Crucial to this was tailoring the customer experience to the user, especially with respect to data access. The UI/UX design world is improving constantly, and logistics is uniquely placed to institute new, time-saving user interfaces and experiences as it further digitises. Organisations ought to be looking to save time where manual interaction with digital infrastructure is still required, and to only surface useful information at key decision making points, rather than saturating the operator with extraneous information. This is especially important where customers have access to an order management system — they may only need visibility over the last mile, or much less information about a specific event, and a dense, rich information view would be unproductive for decision-making.
A number of our workshop participants emphasised the risks involved with increased transparency in the supply chain. In particular, our experts noted that increased access to information can lead to either paralysis of choice, or unexpectedly negative incentives for the end customer. Attention was drawn to the fact that some consumers seemed to be more price insensitive when given information about delivery times, and would opt for a more expensive provider if it meant faster delivery. If it is the case that an over-abundance of information has the potential to influence purchasing habits to the detriment of sales, businesses must recognise the importance of presenting the right information at the right time in order to encourage customers to respond positively.
On the other hand, it was also noted that greater information may lead to a greater feeling of control among certain demographics, building trust and loyalty for a brand as younger consumers value the oversight real-time data gives them over their purchase. Thus, our participants suggested the problem was best articulated as one of delivering information, requiring progressive disclosure, rather than just mirroring internal information externally.
Indeed, some suggested that customers should always have access to data, arguing that the logistics industry requires almost total transparency. To this effect, one discussant noted that they had begun to open up more radically to customers, providing information even if it laid their mistakes out in the open, as they had found it had led to a greater sense of trust and helped to improve processes more effectively than when kept behind closed doors.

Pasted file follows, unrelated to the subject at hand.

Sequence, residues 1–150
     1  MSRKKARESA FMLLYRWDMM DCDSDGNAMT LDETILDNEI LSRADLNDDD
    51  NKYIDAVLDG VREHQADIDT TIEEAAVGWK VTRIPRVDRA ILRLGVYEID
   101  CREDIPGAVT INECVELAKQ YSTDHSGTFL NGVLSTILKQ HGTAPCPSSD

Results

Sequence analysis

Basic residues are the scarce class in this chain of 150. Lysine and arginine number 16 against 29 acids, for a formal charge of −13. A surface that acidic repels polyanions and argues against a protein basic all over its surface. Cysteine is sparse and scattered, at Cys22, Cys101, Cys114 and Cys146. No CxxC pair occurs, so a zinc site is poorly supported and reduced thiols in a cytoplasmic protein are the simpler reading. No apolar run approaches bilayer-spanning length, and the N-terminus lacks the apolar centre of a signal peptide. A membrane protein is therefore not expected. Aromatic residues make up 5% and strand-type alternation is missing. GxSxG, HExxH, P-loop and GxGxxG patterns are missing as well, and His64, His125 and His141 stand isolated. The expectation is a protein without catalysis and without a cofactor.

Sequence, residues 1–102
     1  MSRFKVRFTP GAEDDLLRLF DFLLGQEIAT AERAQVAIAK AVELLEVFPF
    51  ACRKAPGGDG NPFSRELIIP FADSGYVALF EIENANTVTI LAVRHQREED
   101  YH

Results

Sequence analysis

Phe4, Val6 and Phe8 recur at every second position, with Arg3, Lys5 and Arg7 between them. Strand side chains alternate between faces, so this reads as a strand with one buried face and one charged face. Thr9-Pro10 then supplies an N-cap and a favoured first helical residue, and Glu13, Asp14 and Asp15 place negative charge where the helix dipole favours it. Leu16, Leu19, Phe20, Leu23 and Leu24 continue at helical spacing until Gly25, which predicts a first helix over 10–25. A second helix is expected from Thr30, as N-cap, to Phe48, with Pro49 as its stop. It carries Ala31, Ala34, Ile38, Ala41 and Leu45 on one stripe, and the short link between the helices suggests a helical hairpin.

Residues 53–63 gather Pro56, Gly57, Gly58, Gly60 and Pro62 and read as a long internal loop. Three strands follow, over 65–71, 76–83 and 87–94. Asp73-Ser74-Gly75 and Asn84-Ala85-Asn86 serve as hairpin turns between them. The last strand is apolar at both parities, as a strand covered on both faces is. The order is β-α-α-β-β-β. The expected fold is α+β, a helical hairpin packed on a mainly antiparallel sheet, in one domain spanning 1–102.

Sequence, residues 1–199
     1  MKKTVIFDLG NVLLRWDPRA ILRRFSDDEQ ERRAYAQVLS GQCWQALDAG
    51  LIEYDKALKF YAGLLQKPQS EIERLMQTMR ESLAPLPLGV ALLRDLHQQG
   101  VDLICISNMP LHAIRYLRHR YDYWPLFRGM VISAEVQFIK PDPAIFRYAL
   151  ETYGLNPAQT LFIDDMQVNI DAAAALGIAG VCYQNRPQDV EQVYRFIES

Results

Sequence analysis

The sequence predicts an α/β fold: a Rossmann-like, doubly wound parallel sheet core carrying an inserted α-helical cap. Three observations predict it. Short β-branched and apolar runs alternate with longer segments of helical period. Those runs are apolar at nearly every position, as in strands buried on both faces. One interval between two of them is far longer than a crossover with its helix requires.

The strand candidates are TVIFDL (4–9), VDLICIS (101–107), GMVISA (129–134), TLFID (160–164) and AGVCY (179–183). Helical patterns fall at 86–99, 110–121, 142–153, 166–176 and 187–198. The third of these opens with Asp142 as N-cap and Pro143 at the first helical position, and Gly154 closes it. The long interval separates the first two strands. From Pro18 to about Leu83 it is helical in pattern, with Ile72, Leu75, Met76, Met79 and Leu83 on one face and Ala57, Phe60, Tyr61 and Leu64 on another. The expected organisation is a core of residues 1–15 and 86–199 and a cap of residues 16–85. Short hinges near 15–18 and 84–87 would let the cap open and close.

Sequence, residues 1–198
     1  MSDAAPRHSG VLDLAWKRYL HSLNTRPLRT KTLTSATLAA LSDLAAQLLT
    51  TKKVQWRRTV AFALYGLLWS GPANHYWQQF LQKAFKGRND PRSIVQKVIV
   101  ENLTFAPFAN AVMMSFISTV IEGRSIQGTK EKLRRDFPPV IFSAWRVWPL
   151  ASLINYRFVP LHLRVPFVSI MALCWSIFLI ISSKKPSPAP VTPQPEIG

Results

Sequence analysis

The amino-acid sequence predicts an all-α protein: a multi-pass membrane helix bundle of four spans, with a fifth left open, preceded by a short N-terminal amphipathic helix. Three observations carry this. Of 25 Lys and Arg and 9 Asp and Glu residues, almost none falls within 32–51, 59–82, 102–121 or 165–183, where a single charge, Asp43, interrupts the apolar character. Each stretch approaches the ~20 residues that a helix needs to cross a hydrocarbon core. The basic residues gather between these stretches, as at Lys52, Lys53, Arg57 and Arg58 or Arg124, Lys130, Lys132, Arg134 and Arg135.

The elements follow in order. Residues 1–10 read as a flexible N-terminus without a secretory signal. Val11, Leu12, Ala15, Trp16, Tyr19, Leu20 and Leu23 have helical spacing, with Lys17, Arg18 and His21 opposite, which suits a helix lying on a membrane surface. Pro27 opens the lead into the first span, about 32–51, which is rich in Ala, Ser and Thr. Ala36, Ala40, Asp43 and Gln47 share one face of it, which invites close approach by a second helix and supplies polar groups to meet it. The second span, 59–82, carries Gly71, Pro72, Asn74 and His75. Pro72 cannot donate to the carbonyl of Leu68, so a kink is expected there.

Resolving these issues requires taking a step back and outlining clear horizons for approaching organisational change, both in the short and long-term. However, while scrambling to catch up is never an ideal situation, it was stressed that the innovation paralysis that comes from an industry-wide bystander effect is just as dangerous a position to be in.
Managing change in a rapidly evolving industry is no small task, but our panel proposed that digitisation might best be started from a gradual (internal) iteration upon cost optimisation processes, a side of logistics that is ripe for automation. By working outwards and digitising these core processes, businesses might be able to create a ripple effect outward in their operations, buffering the transition to different modes of working.
One clear takeaway from our discussion was the fact that bolting on digital changes without careful scrutiny of the underlying business processes can be hugely detrimental, merely delaying inevitable bottlenecks. Automating a bad process will only lead to a bad result. Instead, our experts felt that constantly evolving business processes and applying technology at considered and effective points was the key to effective change management.
Furthermore, some discussants were hopeful that a gradual shift would occur as customer demands grew more intense. As the consumer becomes ever-accustomed to greater visibility from larger players such as Amazon, our panellists felt that the industry would be pushed to catch-up in order to keep up.
To this end, collaboration with those technology providers driving forward new, innovative, standards in the industry was a noted boon. Setting up your organisation to orchestrate with a number providers and technical solutions early on helps ensure you can solve offline problems whilst the industry adapts.
Slync.io is a SaaS operating platform for global shippers and logistics service providers that delivers higher productivity and process efficiency through intelligent automation. Logistics Orchestration® is an end-to-end service offering that revolutionises costly back-office processes in global logistics operations. Slync.io connects disparate systems, ingests structured and unstructured datasets, orchestrates teams, and automates processes seamlessly together delivering unprecedented levels of efficiency for logisticians.